Prisoner Express has just mailed it’s Summer 2020 Newsletter to incarcerated men and women throughout the USA.

During the pandemic, most internal programming is shut down in prisons. Often prisons are in a perpetual lockdown state so people are confined to their cells with little or no opportunities for education and creative engagement. 

PE is stepping into that breach by meaningful educational opportunities. This cycle Prisoner Express is offering new programs in Mental Health, Philosophy, Computer Science, and Creating a Chapbook. Our ongoing projects in Meditation, Chess, Journaling and Creative Writing continue to flourish and make a positive impact on the lives of the participants

Here’s one man’s reflection of the impact of the PE program

Dear Volunteers,

Hopefully, this reaches you all in the very best spirits. It has been a few years since I last contacted your group. I used to participate in many of your projects and did so over the course of several years.

I am contacting you now to thank you wholeheartedly for all your help. Your organization ended up causing a series of positive effects in my life. Allow me to share.I am serving multiple life sentences with no possibility of parole.

When I first contacted your program, I was living in a long-term solitary confinement setting called the SHU.

I was housed there for extremely destructive behavior while being incarcerated. I spent several years in that environment.

While confined in that manner, I spent most of my time reading and studying, and Prisoner Express was a huge factor in providing me with all sorts of interesting packets that covered a lot of scientific, historical, and literary information.

Those packets kept me busy learning and, in some ways, sane.

Eventually, due to changes in the legal system, I was released from the SHU into a maximum-security yard. It was difficult for me to adjust, but I pushed through and succeeded. I still have some social problems but have adapted well enough. Over time I managed to stay out of trouble and earn even more privileges.

In May of 2018, I was given a chance to take the modern GED test. I had graduated high school in 1997 but let me tell you, the new advances in high school education are pretty heavy. Still, I scored very well on the tests. I earned a GED, and even some college credits.

Prisoner Express actually played a large part in this. Many of the packets you sent me over the years contained data that was covered in the tests. More so the whole Prisoner Express program had motivated me to keep learning during a time in life when I had little belief in hope for anything better.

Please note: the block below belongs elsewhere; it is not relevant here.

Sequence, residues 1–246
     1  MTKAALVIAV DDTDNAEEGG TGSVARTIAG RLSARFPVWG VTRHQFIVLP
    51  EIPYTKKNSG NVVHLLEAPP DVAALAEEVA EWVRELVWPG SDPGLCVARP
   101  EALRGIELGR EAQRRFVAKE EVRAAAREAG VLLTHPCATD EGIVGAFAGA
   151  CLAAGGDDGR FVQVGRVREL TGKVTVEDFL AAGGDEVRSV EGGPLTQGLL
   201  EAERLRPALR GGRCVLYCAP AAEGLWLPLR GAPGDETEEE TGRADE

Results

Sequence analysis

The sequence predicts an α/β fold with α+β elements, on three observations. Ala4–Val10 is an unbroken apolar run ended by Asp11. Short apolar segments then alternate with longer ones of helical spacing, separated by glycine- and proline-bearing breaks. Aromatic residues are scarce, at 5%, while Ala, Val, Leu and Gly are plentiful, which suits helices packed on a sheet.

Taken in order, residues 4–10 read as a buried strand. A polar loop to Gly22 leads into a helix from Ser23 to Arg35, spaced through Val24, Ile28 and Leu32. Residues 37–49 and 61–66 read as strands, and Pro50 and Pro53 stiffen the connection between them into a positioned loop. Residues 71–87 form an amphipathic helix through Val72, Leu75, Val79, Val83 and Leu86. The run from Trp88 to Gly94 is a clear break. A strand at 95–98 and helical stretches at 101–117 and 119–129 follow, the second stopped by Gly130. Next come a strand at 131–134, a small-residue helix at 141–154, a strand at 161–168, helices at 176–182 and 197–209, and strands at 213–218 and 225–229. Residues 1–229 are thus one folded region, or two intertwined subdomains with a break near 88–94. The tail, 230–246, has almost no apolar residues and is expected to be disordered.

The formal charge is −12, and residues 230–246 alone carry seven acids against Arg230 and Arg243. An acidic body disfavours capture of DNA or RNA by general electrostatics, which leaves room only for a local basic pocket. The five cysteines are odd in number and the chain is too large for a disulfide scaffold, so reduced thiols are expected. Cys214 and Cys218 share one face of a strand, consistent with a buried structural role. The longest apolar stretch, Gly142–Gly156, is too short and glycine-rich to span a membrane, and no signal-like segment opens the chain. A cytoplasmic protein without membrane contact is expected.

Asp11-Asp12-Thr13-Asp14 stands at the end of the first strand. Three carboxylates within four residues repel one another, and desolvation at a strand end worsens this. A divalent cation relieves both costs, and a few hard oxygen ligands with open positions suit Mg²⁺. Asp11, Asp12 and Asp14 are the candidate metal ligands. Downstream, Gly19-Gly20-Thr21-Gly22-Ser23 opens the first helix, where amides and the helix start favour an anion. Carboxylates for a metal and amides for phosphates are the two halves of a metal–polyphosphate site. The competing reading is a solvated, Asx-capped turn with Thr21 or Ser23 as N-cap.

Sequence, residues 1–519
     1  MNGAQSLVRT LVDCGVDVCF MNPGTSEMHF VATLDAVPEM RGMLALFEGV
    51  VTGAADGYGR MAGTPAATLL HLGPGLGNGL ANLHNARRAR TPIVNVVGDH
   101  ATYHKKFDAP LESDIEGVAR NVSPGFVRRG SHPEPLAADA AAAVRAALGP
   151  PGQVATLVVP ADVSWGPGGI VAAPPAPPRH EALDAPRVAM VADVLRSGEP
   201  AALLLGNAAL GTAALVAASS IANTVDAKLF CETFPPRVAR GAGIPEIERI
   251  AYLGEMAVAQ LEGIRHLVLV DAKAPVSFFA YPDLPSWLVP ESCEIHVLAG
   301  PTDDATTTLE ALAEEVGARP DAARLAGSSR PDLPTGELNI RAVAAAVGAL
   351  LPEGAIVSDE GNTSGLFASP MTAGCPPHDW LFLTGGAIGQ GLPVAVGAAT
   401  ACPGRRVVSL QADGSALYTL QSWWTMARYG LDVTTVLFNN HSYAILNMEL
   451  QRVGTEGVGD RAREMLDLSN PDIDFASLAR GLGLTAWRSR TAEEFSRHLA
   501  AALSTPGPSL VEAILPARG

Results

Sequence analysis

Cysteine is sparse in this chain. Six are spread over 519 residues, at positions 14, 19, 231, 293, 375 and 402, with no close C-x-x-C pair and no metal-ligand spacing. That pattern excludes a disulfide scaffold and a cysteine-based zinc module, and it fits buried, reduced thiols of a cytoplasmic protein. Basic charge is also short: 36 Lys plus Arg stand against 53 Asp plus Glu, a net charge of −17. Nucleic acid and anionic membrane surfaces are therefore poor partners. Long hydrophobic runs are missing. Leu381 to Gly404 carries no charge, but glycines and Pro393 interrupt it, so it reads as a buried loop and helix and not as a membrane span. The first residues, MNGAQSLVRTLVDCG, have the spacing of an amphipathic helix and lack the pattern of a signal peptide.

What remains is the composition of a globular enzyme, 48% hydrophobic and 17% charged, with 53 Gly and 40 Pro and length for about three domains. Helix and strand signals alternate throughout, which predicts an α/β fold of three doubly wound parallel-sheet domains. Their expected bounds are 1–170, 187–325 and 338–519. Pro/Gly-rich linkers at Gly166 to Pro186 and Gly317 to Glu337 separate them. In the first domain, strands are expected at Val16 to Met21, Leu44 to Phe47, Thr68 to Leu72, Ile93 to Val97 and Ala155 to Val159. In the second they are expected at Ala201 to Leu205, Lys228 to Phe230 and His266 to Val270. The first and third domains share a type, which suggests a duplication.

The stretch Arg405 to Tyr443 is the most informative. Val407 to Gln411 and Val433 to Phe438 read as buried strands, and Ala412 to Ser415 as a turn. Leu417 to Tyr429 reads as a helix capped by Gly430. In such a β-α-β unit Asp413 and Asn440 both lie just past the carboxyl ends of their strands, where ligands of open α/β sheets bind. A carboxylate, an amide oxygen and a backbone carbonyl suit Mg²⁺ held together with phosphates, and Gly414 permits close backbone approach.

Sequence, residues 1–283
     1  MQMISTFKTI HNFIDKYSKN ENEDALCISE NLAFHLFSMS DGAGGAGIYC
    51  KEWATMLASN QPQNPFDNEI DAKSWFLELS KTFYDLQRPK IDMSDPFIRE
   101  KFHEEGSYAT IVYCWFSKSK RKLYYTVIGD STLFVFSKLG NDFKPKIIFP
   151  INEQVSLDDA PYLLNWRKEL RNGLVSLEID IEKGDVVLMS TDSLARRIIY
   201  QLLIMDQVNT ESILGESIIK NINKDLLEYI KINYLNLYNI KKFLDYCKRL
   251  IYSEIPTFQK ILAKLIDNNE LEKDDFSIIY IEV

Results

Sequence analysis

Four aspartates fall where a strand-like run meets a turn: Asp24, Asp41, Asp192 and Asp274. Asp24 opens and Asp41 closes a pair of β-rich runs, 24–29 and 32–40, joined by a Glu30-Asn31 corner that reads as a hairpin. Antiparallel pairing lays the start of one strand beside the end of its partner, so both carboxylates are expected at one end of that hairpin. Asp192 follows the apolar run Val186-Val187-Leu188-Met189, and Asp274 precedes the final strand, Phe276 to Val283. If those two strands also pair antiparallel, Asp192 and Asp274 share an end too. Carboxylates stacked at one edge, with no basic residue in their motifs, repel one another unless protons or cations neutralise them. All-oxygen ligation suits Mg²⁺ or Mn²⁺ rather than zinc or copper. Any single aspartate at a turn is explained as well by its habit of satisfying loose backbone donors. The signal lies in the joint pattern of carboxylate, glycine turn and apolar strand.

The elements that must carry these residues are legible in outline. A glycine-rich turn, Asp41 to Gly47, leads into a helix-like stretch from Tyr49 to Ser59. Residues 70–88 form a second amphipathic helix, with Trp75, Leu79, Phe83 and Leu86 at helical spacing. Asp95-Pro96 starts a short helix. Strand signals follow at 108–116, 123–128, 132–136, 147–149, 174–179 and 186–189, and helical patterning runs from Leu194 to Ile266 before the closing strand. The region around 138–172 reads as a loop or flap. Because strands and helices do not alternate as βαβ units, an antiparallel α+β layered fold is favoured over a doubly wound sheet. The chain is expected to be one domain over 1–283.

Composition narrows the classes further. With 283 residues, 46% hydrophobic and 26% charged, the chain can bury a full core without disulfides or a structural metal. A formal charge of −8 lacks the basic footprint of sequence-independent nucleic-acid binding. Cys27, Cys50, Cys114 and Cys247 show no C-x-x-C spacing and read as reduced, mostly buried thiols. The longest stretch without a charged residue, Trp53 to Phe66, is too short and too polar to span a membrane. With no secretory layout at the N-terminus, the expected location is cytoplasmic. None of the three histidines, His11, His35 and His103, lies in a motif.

As volunteers I want you to understand the effort and time you spend is not a waste, especially here. The fact is you have caused a very positive ripple effect. My scores were high, I’m bragging a bit, but for good reason. The education dept. offered me a job right after I took the test, literally the next day. Since May 2018 I have been working teaching other prisoners.

I’ve helped around 20 prisoners obtain a GED and more are testing soon. Some of those who graduated were hired by the education department to teach as well.

The men who begin to study seriously, some have only a third-grade education, begin to gain confidence in many areas. Some have completely quit bad habits like drug use. Some have gone on to college. Some of these guys will get out of prison with faith in themselves they hadn’t had before, and some will succeed.

The ripple effects them, their families, their neighbors, all society, and with luck recidivism will decrease.

I’m not stating this as a grand delusion, or just to brag, but to remind you all as volunteers of how much of an impact you could potentially be making. 

Even just on a personal level, the changes in my life over the past few years are dramatic. I went from a pit of bitterness and despair, as I was full of self-hatred that made me even more potentially violent than I had already been, to a life in prison I never thought possible. I accepted a long time ago that I’m the only person who is responsible for me being in prison.

I also believe I deserve much worse than what I have been dealt. It’s that last sentence that makes me realize I need to give back to society however I can. It gives me not only purpose but a bit of pride in knowing I am doing what is right in life, what is good.

Also, my life is ridiculously comfortable. I work during the week and volunteer helping teach an art class and a music class on Saturdays. I have a television, CDs and a guitar. All my necessities in my own cell.

I get paid enough to get all the hygiene and food products I need and want. It’s quite nice actually. I appreciate and enjoy life now more than perhaps I ever have; I think it has a lot to do with helping others. Though this isn’t the path in life I would have expected, I’m content.

Thank you for everything

~ Jonathan Holeman

Come read this newest edition of PE News, learn about our many programs and read stories of self-exploration and redemption written by the incarcerated men and women who make up PE’s 4000 active members.